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House passes handgun permit bill, sends to governor
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James Snyder says he and others who work in the hospitality industry have concerns about the handgun permitting bill. (MPR Photo/Tom Scheck)
The Minnesota House on Wednesday passed a bill that would reinstate a 2003 law that streamlined the process for issuing handgun permits. The Senate has already passed similar legislation. Critics say state lawmakers rushed to pass the bill at a time when police have charged a permit holder with killing a bouncer at a Minneapolis nightclub.

St. Paul, Minn. — The legislation would require county sheriffs and police chiefs to issue a handgun permit to any law-abiding Minnesotan over the age of 21. Applicants would need to receive proper training and have no history of mental health problems. It's nearly identical to the bill that became law two years ago.

Gov. Pawlenty says he intends to sign the bill once it reaches his desk. He says the 25,000 people who have applied for and received a handgun permit have caused few problems since the first law passed in 2003. He says the light-rail line between Bloomington and Minneapolis has caused more injuries and deaths than the handgun permitting bill.

"If you look at the statistical evidence from the other states, including in Minnesota since we had it, it hasn't caused any aberational problems. The Legislature is going to repass it. I'm going to resign it and we'll get on with it," Pawlenty said on MPR's Midday broadcast on Wednesday.

But others say one death caused by a permit holder is one too many.

Critics of the legislation held a news conference with a northeast Minneapolis bartender to discuss their concerns about the bill. James Snyder works at the Times Bar and Cafe. His friend, Billy Walsh, was shot and killed while working as a bouncer at Nye's Pollainaise Room last week.

Police have charged Zachary Ourada in the incident. He's believed to be the first permit holder charged with murder since the 2003 law took effect. Snyder says he and others who work in the hospitality industry have concerns about the bill.

"Everyone else in that neighborhood was just taken aback by what happened. And the idea that there could be even one more incident like this is alarming," he said.

It's unfair to blame a gun permit for Walsh's shooting, said Joe Olson, president of Concealed Carry Reform Now, the group that fought hardest for passage of the 2003 gun law.

More people have been injured by light rail than the conceal-carry bill.
- Gov. Tim Pawlenty

"The guy decided to be a murderer. His permit had nothing to do with it," Olson said. "My heart goes out to the family of Mr. Walsh."

Supporters of the handgun legislation say a person without a gun permit could have taken the same action. They also argue that the bill forbids permit holders to have a blood alcohol level higher than .04, less than half the legal limit for driving.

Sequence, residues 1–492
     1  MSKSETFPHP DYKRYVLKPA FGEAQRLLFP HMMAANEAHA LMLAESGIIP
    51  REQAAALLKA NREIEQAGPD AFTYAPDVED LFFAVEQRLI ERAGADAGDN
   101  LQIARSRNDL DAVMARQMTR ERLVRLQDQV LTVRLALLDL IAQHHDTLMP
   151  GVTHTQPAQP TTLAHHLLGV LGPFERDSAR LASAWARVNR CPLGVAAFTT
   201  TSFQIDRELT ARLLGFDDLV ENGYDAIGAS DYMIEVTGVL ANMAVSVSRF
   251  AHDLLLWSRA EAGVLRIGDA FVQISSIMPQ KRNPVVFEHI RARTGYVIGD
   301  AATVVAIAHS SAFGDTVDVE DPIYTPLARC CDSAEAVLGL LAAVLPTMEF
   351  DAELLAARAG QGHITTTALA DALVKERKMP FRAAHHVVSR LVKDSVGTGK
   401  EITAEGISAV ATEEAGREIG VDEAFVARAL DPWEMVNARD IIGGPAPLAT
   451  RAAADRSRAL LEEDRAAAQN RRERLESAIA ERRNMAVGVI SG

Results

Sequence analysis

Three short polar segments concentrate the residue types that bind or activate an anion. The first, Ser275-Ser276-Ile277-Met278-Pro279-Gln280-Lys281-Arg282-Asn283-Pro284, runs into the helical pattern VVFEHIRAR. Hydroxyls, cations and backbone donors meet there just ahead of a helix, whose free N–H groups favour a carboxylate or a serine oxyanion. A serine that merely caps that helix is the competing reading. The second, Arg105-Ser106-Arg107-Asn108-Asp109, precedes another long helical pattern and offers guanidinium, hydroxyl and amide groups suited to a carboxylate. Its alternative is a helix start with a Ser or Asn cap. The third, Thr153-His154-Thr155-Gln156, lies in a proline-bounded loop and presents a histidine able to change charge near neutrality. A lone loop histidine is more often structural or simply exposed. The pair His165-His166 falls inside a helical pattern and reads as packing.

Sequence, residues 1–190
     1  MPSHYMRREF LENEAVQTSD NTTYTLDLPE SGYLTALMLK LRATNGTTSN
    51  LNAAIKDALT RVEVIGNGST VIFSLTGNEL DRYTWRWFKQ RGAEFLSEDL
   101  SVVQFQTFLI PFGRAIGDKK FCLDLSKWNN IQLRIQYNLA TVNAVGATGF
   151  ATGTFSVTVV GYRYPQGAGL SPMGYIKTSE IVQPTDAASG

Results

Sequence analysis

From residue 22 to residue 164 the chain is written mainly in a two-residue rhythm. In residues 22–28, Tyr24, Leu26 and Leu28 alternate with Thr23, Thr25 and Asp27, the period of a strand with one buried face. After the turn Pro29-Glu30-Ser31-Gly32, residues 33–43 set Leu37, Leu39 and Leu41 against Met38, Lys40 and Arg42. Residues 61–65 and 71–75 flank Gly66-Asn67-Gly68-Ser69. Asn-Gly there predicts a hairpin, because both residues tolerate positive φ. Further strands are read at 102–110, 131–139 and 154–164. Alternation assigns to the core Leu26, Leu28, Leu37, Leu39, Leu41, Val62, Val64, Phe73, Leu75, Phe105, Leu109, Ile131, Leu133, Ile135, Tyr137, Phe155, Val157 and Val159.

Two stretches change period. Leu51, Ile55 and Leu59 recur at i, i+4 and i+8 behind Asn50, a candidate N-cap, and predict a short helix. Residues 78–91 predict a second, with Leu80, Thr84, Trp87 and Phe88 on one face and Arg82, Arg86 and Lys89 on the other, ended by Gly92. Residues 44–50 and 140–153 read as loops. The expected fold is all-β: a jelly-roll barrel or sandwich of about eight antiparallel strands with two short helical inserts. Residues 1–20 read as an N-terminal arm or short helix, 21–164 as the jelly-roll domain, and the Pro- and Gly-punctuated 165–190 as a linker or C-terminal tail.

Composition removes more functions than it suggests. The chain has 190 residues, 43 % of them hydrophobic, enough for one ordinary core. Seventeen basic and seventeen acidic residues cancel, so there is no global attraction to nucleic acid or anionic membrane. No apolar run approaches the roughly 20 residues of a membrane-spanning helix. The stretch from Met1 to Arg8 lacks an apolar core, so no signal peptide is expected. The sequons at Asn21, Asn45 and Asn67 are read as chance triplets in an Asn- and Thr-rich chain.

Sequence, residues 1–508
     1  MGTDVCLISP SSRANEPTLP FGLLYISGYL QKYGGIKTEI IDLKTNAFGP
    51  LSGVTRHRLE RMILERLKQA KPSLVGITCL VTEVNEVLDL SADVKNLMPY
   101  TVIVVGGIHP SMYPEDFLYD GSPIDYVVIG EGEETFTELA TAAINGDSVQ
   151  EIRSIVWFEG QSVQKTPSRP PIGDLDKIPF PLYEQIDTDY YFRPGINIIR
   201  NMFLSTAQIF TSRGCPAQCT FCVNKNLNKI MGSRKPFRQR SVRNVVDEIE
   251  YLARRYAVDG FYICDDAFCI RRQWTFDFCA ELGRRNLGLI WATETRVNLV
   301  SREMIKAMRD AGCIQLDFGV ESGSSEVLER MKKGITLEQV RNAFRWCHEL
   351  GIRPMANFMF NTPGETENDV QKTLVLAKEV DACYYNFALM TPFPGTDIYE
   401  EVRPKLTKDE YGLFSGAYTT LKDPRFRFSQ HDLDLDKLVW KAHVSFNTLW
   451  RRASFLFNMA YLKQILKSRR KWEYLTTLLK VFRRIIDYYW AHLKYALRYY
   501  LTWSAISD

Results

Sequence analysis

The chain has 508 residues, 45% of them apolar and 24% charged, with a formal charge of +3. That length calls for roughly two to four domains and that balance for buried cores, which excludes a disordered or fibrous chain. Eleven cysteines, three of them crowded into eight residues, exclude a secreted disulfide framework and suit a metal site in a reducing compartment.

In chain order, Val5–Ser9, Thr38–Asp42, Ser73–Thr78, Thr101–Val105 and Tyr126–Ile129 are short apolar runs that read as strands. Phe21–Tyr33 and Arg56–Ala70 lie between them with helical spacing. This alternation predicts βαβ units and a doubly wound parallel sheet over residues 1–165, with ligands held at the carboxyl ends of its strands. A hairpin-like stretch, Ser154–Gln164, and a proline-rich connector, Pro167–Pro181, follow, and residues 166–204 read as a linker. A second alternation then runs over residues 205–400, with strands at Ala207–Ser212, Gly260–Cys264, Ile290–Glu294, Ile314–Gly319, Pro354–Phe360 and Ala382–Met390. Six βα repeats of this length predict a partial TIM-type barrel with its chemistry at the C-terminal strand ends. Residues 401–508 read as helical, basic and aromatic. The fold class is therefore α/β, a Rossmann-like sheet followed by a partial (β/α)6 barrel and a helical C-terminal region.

But several House members wanted to forbid permit holders from carrying a gun in a bar. Rep. Ron Latz, DFL-St. Louis Park, says other gun-friendly states don't allow guns in bars. He says the shooting in northeast Minneapolis prompted him to propose the amendment.

"It's the perfect example of why people who go to bars, mostly for the purpose of consuming alcohol, should not be carrying firearms while they are doing so," Latz said.

But the House defeated that and every other proposal to add restrictions to the bill House leaders wanted to retain the same language that passed the senate which allows the bill to go directly to the governor's desk without any additional negotiations. In the end, the House overwhelmingly passed the bill on a 86-to-47 vote.

Many members echoed the sentiments of Rep. Frank Moe, DFL-Bemidji, who said a "yes" vote is consistent with the constitutional right to bear arms.

"I'm not going to make the argument that this makes us safer," he said. "I'm not sure that it does. But what I do think is that this liberty is one we have to fight for. Our forefathers fought for it and now it's our time to fight for it."

Both the House and Senate acted rapidly on the bill after the Minnesota Court of Appeals upheld a ruling that said the 2003 gun law was unconstitutional. The courts didn't rule on the merits of the initial law but say the process used to pass it was unconstitutional.

But others say the bill, if it becomes law, is likely to end up in the courts again. Rep. Keith Ellison, DFL-Minneapolis, says churches and other religious institutions aren't happy that the legislation doesn't ban guns outright in houses of worship. Ellison says he believes it's a violation of the separation of church and state.

"This law is going to fall in our courts. It absolutely is going to do that. I'm going to clap on that day because at least one branch of government can say 'Cease fire, disarm and let's have a peaceful society,'" he said.

The bill would require entitities to post a sign or personally notify permit holders that guns aren't welcome. That's enough for Rep. Tony Cornish, R-Good Thunder. He says state lawmakers should operate independently of the courts.

"If we start making our laws in the House of Representatives or in the Senate based on what some judge has ruled, we would be greatly in error. We need to do the best job we can, pass the legislation and if that comes up, we'll cross that bridge when we come to it," he said.

The House vote comes one day after all House members received an e-mail threatening them if they don't vote in favor of the legislation. Capitol Security and the FBI are investigating the threat but believed it to be a hoax.